March 17, 2010 at 3:22 pm #264599
instead of speedtest.com I like looking at the speed I am downloading torrents via utorrent. My 1mb connection usually gets a bit over 1mb
March 17, 2010 at 3:26 pm #264600
Love my Live Tim, not relevant to this thread, but if you can get it, it is crazy fast and relatively cheap.
March 17, 2010 at 4:39 pm #264605
Hpeak – how is your internet delivered? I guess it’s radio up there in the jungle? Sounds like they don’t know how to control torrents on their setup :DAndrewfroboy – do you live in an apartment on a high floor in the South West of Sao Paulo? If so, can I install a massive microwave link on your balcony and share your crazy fast internet please? Hell, I will even pay the bill for you, and you can cook things in front of the microwave link, or use it to defrost food. I once heard tales of the workers on the BT Tower in London who during maintenance of the original links used to sit in the ‘drums’ to eat their sandwiches, enjoying the view. It was only when they worked out why it was they had to clear out dead pigeons every day that it dawned on them – the covers were put on the drums at a later date. Could be myth…wouldn’t want to risk it!
Joking apart – sharing internet connections is considered a crime in Brazil, and there was a fairly recent case in MG where two neighbours were prosecuted and fined for sharing the cost of one internet link between them.
March 17, 2010 at 4:42 pm #264606
Live near Jabaquara in Sao Paulo, had Live Tim for almost a year, it is amazing, I pay R$60 for 35MB/S
March 17, 2010 at 4:56 pm #264607
fin….comes in via cable to my house. company called WKVE….maybe you can answer this…….why, when I get a server not responding message (after restarting router and modem and computer several times am I still able to not only download torrents but use skype? used skype on my iphone and torrents on my laptop….nothing else worked…very strange.and one other question….any ideas on whats best to use to stream media locally from my laptop? ie movie to my ps3 or tv show to iphone or tablet? Currently use playon but it seems not to work when internet connection is down (which i dont understand as I want to stream just locally)…currently downloading xbmc and hoping i’ll get better results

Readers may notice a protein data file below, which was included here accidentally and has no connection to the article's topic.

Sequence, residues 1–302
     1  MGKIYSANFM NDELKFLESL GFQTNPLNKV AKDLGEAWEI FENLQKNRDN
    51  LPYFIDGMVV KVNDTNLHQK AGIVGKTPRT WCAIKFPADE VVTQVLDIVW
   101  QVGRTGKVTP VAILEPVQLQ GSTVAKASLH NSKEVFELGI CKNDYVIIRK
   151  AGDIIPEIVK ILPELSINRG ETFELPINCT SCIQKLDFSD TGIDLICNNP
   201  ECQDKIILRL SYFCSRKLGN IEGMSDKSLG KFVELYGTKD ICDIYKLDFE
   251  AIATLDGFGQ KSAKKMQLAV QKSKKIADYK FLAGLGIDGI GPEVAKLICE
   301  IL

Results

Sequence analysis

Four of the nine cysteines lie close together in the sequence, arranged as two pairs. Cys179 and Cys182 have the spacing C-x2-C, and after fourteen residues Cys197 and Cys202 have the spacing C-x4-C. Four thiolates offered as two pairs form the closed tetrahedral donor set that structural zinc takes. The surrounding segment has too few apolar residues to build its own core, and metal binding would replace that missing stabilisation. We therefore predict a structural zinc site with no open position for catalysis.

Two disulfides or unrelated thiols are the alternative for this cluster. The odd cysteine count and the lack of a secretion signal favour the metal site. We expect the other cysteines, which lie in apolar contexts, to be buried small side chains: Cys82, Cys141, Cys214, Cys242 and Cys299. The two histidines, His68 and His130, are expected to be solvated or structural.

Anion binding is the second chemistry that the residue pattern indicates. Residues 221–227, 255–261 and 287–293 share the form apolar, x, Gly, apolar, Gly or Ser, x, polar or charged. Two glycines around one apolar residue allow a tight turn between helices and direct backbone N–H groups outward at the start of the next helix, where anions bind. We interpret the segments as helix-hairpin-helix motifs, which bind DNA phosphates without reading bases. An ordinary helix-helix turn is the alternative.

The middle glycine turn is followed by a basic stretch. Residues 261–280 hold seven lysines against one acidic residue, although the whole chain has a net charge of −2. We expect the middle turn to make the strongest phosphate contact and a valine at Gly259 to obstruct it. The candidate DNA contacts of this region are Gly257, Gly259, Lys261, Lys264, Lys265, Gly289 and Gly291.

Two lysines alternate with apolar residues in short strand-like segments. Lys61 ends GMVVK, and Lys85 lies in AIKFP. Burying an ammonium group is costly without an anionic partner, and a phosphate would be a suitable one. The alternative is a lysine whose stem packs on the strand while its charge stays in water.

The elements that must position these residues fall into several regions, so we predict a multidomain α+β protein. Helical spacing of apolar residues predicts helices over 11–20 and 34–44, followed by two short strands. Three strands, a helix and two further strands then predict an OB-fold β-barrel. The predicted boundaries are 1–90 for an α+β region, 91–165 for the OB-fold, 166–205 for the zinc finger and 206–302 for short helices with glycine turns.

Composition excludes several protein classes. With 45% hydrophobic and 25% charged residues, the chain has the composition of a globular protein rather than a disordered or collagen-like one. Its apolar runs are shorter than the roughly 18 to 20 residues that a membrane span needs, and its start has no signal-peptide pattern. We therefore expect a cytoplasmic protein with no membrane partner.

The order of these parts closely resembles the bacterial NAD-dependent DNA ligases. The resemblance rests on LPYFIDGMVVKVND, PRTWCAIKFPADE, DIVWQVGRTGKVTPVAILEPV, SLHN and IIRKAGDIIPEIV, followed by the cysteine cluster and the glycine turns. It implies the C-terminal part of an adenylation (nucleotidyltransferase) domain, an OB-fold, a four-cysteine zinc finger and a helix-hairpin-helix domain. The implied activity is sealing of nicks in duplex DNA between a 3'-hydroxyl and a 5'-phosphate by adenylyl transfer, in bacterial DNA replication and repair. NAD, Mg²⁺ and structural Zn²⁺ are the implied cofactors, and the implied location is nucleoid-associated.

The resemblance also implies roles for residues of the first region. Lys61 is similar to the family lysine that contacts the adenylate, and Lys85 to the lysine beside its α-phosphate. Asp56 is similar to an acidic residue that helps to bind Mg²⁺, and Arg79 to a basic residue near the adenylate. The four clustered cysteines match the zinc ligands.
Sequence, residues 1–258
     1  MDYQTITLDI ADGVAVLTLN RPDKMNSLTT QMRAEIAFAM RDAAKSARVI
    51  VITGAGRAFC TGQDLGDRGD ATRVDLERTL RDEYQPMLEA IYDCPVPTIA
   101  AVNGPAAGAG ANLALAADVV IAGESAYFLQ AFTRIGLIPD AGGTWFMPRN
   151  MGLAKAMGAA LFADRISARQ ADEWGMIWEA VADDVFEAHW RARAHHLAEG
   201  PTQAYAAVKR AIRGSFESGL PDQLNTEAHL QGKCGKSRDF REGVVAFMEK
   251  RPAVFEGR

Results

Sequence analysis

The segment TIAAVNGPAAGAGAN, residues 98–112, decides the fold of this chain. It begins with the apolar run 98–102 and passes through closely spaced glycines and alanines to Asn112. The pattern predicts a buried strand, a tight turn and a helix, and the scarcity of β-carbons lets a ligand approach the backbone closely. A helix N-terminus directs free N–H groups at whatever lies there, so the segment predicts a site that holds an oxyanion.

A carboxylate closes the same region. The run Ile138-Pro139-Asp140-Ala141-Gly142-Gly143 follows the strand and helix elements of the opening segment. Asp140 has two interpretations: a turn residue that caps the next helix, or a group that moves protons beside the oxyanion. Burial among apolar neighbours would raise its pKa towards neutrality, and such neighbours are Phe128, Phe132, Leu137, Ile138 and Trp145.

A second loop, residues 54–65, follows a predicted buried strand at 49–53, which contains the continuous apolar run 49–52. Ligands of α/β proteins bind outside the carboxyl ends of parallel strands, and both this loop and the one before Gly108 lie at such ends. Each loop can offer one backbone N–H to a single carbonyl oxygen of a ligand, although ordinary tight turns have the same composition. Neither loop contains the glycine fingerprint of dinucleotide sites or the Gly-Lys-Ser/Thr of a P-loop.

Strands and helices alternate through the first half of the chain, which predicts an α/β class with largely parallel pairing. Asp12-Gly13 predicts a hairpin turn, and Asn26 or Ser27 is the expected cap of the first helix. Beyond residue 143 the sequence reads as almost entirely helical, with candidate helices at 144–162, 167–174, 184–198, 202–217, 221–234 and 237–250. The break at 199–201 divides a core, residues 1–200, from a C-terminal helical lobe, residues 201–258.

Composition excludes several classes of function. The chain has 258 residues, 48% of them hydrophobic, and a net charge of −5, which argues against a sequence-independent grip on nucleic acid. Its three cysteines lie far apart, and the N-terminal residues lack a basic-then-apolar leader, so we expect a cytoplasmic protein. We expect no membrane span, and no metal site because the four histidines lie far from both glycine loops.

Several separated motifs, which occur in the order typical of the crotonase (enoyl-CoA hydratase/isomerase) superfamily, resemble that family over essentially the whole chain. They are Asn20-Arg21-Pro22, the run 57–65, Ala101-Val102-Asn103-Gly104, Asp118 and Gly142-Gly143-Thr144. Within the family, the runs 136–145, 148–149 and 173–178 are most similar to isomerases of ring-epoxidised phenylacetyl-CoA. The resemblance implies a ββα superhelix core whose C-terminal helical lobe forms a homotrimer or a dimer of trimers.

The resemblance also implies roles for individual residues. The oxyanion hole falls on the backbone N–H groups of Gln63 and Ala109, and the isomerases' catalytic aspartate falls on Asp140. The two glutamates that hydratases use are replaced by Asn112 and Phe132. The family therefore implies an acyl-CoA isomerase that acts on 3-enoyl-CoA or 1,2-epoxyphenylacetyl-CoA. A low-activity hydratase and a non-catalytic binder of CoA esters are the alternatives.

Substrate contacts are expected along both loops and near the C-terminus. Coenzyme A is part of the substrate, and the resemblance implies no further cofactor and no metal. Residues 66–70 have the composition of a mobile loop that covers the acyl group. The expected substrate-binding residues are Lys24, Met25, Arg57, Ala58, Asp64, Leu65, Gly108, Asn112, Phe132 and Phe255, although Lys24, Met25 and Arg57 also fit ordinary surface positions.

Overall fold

March 17, 2010 at 7:29 pm #264614
Hpeak – if you mean you get the browser message showing internet as ‘down’ when you enter something like http://www.google.com then it sounds like their DNS is not working. This is the thing that converts internet names (like google) into IP addresses. If Skype and Torrent are still working but browsing isn’t this would make sense, because they are not dependent on ‘names’ – just numeric IP addresses. If it happens regularly, try fixing Google’s DNS servers in the router (if you have access to it) rather than the one’s provided by the ISP. Use 126.96.36.199 and 188.8.131.52 as first and second DNS servers.
I suggested Plex Media Server as something to stream stuff around – I never really played around with it much, as i didn’t have time to install the Plex server for Linux, but for Windows or Mac it sounds like a breeze, and will stream your music to just about anything. You can even install a Plex Application on some smart TV’s I am told, and stream movies straight to your TV.
March 17, 2010 at 10:59 pm #264621
fin…yes, getting DNS server message…but recently have had bunches of issues with internet being down. have not made any recent changes to anything so strange that I am having issues